Flaxseed oil lowers blood pressure February 8, 2007

Posted by grhomeboy in Health & Fitness.
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A diet rich in the plant omega-3 alpha-linolenic acid (ALA) reduced blood pressure by up to six percent, says new research from Greece.

In the UK alone, there are an estimated 10m people with hypertension, defined as having blood pressure higher than 140/90mmHg. The condition is a major risk factor for cardiovascular disease (CVD).

“The magnitude of the hypotensive effect (5mmHG or 3-6 percent) is certainly clinically relevant, and is expected to considerably reduce the overall CVD risk in these patients,” wrote lead author George Paschos in the European Journal of Clinical Nutrition.

How the study was done
The researchers, from Harokopio University and Laiko Hospital in Athens, recruited 59 middle-aged men (average age 53) with abnormal blood lipid levels (dyslipidaemic) and randomly assigned them to receive either the omega-3-ALA-rich flaxseed supplements (8g per day) or omega-6 linoleic acid-rich safflower oil in a prospective, two-group, parallel-arm study. The ALA-rich diet gave an omega-6 to omega-3 ratio of 1.3:1, while the LA-rich diet gave an omega-6 to omega-3 ratio of 13.2:1.

After 12 weeks of supplementation they report that the men receiving the ALA-rich flaxseed oil supplements were found to have reduced systolic and diastolic blood pressures, falling from 120 to 100mmHg and 80 to 72mmHg, respectively. These falls equated to a decrease in systolic blood pressure of 3,1 percent and diastolic blood pressure of 6,3 percent. The omega-6-rich LA supplement did not significantly affect blood pressure, said the researchers.

“Our results indicate that increased ALA intake can bring about a significant decrease in SBP and DMP by approximately 5mmHg or 3-6 percent,” wrote the researchers.

Exact mechanism unclear
The mechanism behind the effects is not clear, they said, and may be due to the effect of the omega-3 metabolites, prostaglandins, on a variety of blood pressure regulators, including control of salt and water balance, control of blood flow in the kidneys and effects on heart output. Future studies are needed, they said, to further clarify the underlying mechanism(s).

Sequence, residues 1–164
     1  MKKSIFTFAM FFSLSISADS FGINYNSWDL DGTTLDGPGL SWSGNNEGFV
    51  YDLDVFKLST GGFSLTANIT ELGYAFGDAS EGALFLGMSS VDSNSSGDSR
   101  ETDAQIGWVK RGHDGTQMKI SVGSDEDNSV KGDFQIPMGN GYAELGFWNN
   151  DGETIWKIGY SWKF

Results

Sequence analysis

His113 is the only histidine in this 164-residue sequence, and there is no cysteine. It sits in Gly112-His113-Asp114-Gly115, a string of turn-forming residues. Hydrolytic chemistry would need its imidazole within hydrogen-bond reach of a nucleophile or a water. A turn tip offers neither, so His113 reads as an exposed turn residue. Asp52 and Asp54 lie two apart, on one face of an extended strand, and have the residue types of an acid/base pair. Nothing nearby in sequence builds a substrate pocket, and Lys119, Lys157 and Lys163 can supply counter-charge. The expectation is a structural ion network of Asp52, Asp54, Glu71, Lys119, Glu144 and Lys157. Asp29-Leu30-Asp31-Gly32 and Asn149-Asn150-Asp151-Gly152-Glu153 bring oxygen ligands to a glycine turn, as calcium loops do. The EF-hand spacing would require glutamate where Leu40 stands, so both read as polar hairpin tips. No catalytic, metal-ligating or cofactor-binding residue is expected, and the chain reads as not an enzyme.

The study does have several limitations, said Paschos, the most notable of which being that the dose of flaxseed given is not readily achievable in a conventional diet.

“However, several products like cooking oil, margarine, salad dressing, and mayonnaise fortified with ALA can be produced by the industry, and inclusion of these foods in the diet has been shown to substantially increase dietary ALA intake to levels exceeding those used in the present study,” he wrote. “Hence we believe our results could be applicable in practice.”

The study was funded by the Greek Ministry of Development, General Secretariat for Research and Technology.

Cypriot and Greek PCC-Terna to develop Marina West February 8, 2007

Posted by grhomeboy in Architecture Cyprus, Business & Economy.
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Marina West Real Estate Company has appointed PCC-Terna as the main contractor for Bahrain’s iconic Marina West development.


Ground breaking for the Kingdom’s largest gated beachfront residential community takes place this month with completion of the 345,000 square-metre residential, retail and leisure development set for December 2009.

Under the terms of the multi-million dollar contract PCC-Terna has overall responsibility for the design and construction of the entire project and is bringing its extensive expertise and experience with similar projects of this magnitude in Europe and across the Middle East to ensure the synchronisation of all aspects of the undertaking. This includes the logistical challenge of bringing in a 6,000-strong on site workforce at its peak.